Vienna Secrets: A Max Liebermann Mystery
A murder mystery with a healthy dose of Freudian psychoanalysis
Reviewed by Jay Trachtenberg, Fri., March 5, 2010
Vienna Secrets: A Max Liebermann Mysteryby Frank Tallis
Mortalis/Random House Trade Paperbacks, 400 pp., $15
If you like your murder mysteries with a healthy dose of Freudian psychoanalysis, here's a sweet read for you. Set in 1903 Vienna, this is the fourth volume of the Liebermann Papers, Tallis' acclaimed mystery series that features the crime-fighting team of police Inspector Oskar Reinhardt and psychoanalyst Dr. Max Liebermann. Like its trio of predecessors, this yarn is rich in historical detail and presence of place.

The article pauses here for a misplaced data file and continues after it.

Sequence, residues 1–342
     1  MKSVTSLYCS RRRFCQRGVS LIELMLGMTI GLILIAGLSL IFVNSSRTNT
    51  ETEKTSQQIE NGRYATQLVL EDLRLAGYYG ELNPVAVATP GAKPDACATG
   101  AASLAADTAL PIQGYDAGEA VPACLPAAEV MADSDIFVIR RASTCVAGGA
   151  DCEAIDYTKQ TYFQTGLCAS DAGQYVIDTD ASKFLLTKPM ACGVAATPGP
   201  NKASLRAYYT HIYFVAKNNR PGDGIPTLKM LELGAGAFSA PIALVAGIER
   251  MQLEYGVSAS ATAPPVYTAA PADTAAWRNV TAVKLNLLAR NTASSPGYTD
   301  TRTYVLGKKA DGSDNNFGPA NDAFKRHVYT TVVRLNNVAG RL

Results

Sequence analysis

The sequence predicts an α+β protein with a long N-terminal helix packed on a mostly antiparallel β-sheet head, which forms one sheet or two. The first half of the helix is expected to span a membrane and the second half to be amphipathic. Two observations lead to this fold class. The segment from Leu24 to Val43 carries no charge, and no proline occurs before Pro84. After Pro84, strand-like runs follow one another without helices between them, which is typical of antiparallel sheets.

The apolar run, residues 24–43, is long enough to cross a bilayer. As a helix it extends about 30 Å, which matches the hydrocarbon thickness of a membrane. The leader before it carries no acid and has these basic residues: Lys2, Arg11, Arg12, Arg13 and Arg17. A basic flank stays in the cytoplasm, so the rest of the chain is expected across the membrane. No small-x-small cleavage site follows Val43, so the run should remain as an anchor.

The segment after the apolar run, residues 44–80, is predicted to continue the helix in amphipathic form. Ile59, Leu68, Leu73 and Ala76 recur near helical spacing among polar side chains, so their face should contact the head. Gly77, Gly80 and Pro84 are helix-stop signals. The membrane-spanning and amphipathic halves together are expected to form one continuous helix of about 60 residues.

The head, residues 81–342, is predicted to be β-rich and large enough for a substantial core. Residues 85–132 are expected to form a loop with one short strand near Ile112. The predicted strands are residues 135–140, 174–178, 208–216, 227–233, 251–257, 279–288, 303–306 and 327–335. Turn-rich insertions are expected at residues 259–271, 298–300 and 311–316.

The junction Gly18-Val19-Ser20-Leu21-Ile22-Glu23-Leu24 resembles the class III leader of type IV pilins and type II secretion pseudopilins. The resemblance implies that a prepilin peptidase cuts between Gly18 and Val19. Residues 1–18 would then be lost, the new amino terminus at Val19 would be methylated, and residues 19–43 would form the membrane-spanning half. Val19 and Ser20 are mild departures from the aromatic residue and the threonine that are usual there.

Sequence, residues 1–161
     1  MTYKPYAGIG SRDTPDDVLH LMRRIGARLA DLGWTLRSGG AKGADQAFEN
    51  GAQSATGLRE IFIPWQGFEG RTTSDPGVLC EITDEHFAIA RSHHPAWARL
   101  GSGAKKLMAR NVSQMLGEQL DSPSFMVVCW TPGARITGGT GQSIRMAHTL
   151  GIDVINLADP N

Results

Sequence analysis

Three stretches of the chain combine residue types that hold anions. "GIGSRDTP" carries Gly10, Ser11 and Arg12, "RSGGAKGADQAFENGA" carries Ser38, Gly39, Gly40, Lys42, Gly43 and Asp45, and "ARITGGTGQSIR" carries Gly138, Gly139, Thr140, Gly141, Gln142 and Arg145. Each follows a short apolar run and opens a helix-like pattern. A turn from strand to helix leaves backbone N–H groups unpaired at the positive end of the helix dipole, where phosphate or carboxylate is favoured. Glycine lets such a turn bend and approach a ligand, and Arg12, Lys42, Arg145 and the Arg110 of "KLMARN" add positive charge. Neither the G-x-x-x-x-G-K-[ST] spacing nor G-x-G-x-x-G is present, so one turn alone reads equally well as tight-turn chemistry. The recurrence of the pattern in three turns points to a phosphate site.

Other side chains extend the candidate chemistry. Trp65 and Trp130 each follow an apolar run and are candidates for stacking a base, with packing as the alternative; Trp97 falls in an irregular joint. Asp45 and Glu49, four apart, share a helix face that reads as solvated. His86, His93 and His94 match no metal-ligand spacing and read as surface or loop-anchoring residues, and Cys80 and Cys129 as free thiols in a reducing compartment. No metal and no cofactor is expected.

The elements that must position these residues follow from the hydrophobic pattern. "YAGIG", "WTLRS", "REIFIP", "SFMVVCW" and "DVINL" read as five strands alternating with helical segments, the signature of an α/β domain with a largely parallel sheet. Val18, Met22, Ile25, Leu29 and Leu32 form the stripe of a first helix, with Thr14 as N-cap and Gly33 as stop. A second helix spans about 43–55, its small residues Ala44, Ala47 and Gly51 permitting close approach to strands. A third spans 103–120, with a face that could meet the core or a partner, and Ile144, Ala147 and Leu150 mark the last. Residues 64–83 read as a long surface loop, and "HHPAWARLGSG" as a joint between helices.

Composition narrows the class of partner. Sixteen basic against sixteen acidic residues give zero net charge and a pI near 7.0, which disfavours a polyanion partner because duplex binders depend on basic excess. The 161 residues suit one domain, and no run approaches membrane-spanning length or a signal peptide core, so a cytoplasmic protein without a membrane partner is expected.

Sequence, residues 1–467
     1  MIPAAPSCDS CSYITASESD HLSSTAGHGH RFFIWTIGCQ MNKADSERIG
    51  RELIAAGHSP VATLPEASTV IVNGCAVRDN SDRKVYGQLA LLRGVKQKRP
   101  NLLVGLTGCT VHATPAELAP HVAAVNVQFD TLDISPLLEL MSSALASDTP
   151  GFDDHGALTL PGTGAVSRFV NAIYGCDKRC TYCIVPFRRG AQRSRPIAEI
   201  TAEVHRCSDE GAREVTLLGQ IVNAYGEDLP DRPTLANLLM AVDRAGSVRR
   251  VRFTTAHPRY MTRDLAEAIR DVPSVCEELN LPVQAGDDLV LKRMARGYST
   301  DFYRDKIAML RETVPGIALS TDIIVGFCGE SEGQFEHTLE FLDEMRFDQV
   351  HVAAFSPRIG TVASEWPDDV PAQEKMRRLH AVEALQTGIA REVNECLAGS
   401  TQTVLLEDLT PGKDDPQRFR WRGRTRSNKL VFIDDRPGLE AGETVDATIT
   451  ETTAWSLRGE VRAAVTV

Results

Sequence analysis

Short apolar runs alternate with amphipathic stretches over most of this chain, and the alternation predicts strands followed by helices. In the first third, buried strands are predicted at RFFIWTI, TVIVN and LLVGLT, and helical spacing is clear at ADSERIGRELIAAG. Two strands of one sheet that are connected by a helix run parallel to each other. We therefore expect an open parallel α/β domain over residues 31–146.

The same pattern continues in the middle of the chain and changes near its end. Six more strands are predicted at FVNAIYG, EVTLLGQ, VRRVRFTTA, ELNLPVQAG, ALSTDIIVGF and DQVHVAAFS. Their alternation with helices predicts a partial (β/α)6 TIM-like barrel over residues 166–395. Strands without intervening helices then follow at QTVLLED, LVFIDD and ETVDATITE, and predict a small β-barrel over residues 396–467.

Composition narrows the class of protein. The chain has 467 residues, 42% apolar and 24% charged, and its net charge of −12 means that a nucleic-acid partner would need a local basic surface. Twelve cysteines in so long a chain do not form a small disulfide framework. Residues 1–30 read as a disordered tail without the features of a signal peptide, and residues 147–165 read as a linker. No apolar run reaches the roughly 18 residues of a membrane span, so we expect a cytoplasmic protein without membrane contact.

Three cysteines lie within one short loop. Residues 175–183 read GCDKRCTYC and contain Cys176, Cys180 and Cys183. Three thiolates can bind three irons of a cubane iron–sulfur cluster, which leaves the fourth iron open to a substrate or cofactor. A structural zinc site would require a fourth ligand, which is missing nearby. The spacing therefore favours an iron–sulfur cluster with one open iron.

When two bodies are found brutally decapitated on church property and the victims are discovered to be members of a covert anti-Semitic group, Liebermann turns his attention to the insular Hasidic community and its fiery leader, Rebbe Barash. The plot thickens when a third headless body turns out to be that of a Jewish procurer with a history of abusing young women. An array of compelling subtexts and subplots are deftly interwoven into the fabric of the story with stylish flair. The mounting anti-Semitism of the time fuels a deathbed controversy that entangles Liebermann at the hospital where he works. The blowback of this simmering vitriol brings into focus the legend of the golem, a manmade superhuman protector of Jews in medieval Prague, and its relation to Jewish mysticism and the kabbalah. Liebermann is a student of Sigmund Freud, and his theories of dream analysis are an intriguing part of the deliberations. Freud even makes a cameo appearance, as does the revered author/playwright Arthur Schnitzler. Their presence and the discussion of their work enhances the depiction of Vienna as a cauldron of intellectual vibrancy at a time when the mighty Austro-Hungarian empire was nearing the end of its dominance. The city's crowded, smoky coffeehouses and restaurants are used as effective set-pieces with Inspector Reinhardt's penchant for pastries and sweets evoking some delectable descriptions. Tallis' knowledge of the period's contemporary music, his grasp of arcane piano techniques, and a judicious use of physics makes for a tale so chock-full of tantalizing elements that the actual solving of the crimes almost takes a backseat to the heady milieu swirling around it.